How We Make Inclusion a Reality
Updated: May 12
In this episode of the Impostor Syndrome Files, we explore the many benefits of inclusion in the workplace, as well as the costs to organizations of not prioritizing this business imperative. So much of our confidence, creativity and collaboration stem from our sense of belonging and inclusion in the workplace. When we create inclusive environments, we empower individuals and businesses to thrive. My guest, Virnitia Hendricks, Chief Diversity Officer of Santander US, shares her experience and perspective on what it takes to become a more inclusive workplace.
About Virnitia Hendricks:
As the Chief Diversity Officer of Santander Consumer USA, Virnitia provides strategic leadership to help advance the commitment to diversity, equity, inclusion, and social innovation. Her team works hard to boldly listen and develop approaches that facilitate sustainable change. Throughout her career, her passion for transforming institutional culture has allowed her to motivate people to authentically show up, creatively lead, and leave organizations better than they found them.
With over 25 years of corporate experience, she has learned how important building an inclusive culture is to being competitive. Inclusion yields equity which results in diversity. Prior to joining Santander Consumer, she proudly served as a Principal Consultant and Executive Coach with Quotidian Group, where she used energy leadership and pursuit of passion concepts to help her clients raise awareness and develop realistic plans to achieve their goals. Her pragmatic approach to transformation also helped to bring success in her roles as Corporate Vice President of Strategy for New York Life Insurance Company and as Vice President of Operations for Travelers Property Casualty Company. The National Diversity Council recognized her as one of Connecticut’s Most Powerful & Influential Women and she’s been featured in marketing campaigns in Fortune, Forbes, Working Mother, and Black Enterprise magazines but her greatest honor is the many talented people who, through her work, have found the courage to live their true potential.
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Kim Meninger Welcome, Virnitia. I am so excited for us to continue this conversation. You and I started this conversation a while ago when we first met. And I am so thrilled to bring it now to a listening audience, so you can hear us talk about some of these important themes. And so I’d love to start by inviting you to introduce yourself.
Virnitia Hendricks Fantastic. Thank you so much, Kim. It’s just an honor for me to be here with you. And I enjoyed our conversation last time so much that to your point, I’m hoping that others will have some value in our dialogue today. So I’m Virnitia Hendricks. I’m the Chief Diversity Officer for Santander US. And part of my mission is to really help people on this journey of inclusion by helping to sponsor and spark human connection amongst people.
Kim Meninger And I know that you have an interesting background as well. So I’d love it if you’d be open to sharing a little bit about the twists and turns your career has taken as you’ve gotten to where you are today.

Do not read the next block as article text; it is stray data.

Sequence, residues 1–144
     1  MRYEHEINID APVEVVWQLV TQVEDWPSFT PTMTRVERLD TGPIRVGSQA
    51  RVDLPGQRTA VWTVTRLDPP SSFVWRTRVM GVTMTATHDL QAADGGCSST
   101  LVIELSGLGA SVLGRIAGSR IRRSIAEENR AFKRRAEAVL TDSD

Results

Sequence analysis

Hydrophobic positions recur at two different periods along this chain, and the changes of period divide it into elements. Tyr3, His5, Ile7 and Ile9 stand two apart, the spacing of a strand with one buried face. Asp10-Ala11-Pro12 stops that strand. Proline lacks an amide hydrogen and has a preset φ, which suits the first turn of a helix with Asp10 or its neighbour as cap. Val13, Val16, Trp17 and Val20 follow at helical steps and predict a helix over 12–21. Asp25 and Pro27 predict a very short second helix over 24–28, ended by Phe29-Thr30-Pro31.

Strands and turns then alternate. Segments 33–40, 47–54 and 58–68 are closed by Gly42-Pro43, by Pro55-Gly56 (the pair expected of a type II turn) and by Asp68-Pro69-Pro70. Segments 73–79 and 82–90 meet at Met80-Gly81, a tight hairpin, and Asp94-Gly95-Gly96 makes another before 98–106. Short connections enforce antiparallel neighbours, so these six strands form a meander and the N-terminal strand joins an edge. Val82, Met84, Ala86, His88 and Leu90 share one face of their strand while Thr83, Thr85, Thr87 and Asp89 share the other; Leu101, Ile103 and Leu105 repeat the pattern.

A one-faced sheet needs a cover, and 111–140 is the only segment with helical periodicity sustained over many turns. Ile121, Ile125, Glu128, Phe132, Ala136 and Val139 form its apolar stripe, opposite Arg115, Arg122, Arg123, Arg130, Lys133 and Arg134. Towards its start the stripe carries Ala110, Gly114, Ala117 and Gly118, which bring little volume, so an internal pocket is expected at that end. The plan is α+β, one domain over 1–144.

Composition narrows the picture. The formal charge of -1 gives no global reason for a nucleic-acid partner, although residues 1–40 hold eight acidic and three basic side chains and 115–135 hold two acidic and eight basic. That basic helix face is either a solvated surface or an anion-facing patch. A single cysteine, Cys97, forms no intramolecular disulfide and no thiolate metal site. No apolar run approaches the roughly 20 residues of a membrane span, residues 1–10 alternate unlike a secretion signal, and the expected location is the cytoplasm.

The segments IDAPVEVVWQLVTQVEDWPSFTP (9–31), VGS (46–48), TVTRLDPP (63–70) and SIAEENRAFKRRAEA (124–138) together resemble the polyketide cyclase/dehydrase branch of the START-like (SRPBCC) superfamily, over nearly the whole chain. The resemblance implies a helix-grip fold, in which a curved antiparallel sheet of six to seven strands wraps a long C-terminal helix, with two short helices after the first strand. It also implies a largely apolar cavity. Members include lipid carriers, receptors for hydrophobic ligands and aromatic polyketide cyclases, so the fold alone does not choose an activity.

Virnitia Hendricks Fantastic. I, you know, I grew up in Augusta, Georgia. I actually grew up on a military base. And as you can imagine, growing up in that environment, you’re sort of taught to be all you can be, you’re taught that, you know, where there’s a mission, no matter what you need to make sure that you’re following through on that mission. So I always carried that to me, you know, in terms of my career choices. And as I thought about what I wanted to be when I grew up. I started in insurance. Interestingly enough, in the financial services industry. I thought I wanted to be a lawyer early on. But there was something about business. You know, for me, I remember being a child and pretending to have clients in my bedroom and making phone calls. And there’s just something about the way in which businesses operate and function that was always intriguing to me. So I made the decision after college to start working for Travelers Property Casualty. And I was so privileged to be amongst some people who were fantastic mentors and advocates, and saw potential in me. And so with that, I really felt as though I didn’t have to, you know, pick a spot, that I could learn the entire business whether that was underwriting or claims or technology. I really just wanted to show that I could add value to the organization. And so that’s where I started my career. And I remember talking to one of my mentors, and I had done, you know, a couple of different things at that point in time. And she said, what’s the common thread? You know, you’ve got all this varied background, but what is the thing that connects all of these different roles together? And it was organizational leadership, it was really about culture, and people and potential. And so that’s when I decided to go back to school to get my doctorate in organizational leadership to really study it, to understand how organizations came together, how people, you know, actually lived their full potential so that companies could be competitive. And so with that, I learned that one of the most important things when we talk about culture, is having a diverse set of people. And when I say diverse, I don’t just mean you know, race, ethnicity, gender, I really mean different perspectives, different backgrounds, communication styles, and personality types. And so at that point, in time I left Travelers. I struck out on my own to be a consultant. And so as you can imagine, Kim, at that point, I’d never been a consultant, didn’t know anything about it. So I decided to take on a chief of staff position at New York Life in a management consulting, internal consulting function that taught me the chops of consulting. And after doing that for a while, I decided to leave the organization, strike out on my own start my own business, being an executive coach and consultant. I’m getting to the Chief Diversity Officer part, I promise. But one of my clients when I was doing that work, was actually Santander. I really was so impressed with Santander’s is commitment to diversity, equity and inclusion. And at that time, many of my clients were asking me, What is this? You know, how do we make progress? What is this DEI all about? And, you know, we’ve been running this race for years, we’ve been investing millions of dollars, but we’re not seeing the progress that we really want. So can you help me with that? That’s when I went back to study diversity, equity and inclusion and really understand that space. So as I was consulting with Santander, part of the recommendation was to hire a chief diversity officer to truly invest internally and externally in advancing DEI. And the CEO at the time said, Great, that’s you, you should be our CDO. And I said, really? I don’t know. Because I had retired, have my own company at that time. But I gotta tell you, this is the right organization, the right time, so much support from our senior leaders. And we’ve just been able to do some fantastic things in the 18 months that I’ve been with the company. So obviously, I said, Yes, and here we are today, leading the charge for Santander.